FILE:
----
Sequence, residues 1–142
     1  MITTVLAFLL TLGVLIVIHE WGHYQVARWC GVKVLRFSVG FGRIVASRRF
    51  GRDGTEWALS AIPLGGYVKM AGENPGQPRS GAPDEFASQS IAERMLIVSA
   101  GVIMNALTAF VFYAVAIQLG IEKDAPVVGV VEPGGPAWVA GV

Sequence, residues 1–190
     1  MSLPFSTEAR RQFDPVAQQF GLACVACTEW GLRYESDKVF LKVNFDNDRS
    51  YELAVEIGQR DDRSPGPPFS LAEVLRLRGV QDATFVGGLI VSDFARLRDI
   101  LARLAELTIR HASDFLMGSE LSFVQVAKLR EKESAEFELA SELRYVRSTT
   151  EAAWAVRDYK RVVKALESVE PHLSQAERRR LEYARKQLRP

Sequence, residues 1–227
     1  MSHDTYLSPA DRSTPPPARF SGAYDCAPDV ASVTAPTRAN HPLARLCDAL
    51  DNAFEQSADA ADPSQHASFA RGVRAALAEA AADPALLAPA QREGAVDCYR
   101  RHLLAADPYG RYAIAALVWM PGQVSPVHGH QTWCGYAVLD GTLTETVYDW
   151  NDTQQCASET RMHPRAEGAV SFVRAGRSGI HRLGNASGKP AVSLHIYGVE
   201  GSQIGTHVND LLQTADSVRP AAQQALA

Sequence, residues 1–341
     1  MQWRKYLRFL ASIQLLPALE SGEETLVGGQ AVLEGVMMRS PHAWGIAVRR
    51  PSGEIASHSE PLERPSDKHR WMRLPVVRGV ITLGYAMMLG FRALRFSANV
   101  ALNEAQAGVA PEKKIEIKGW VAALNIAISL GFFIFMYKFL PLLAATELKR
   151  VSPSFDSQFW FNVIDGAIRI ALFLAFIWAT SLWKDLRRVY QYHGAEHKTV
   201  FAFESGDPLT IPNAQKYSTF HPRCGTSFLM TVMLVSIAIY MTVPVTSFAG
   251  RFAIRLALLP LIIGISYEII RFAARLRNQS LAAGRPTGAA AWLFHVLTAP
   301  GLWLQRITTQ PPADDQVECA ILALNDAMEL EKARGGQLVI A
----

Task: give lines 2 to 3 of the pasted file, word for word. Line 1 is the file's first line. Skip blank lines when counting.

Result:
     1  MITTVLAFLL TLGVLIVIHE WGHYQVARWC GVKVLRFSVG FGRIVASRRF
    51  GRDGTEWALS AIPLGGYVKM AGENPGQPRS GAPDEFASQS IAERMLIVSA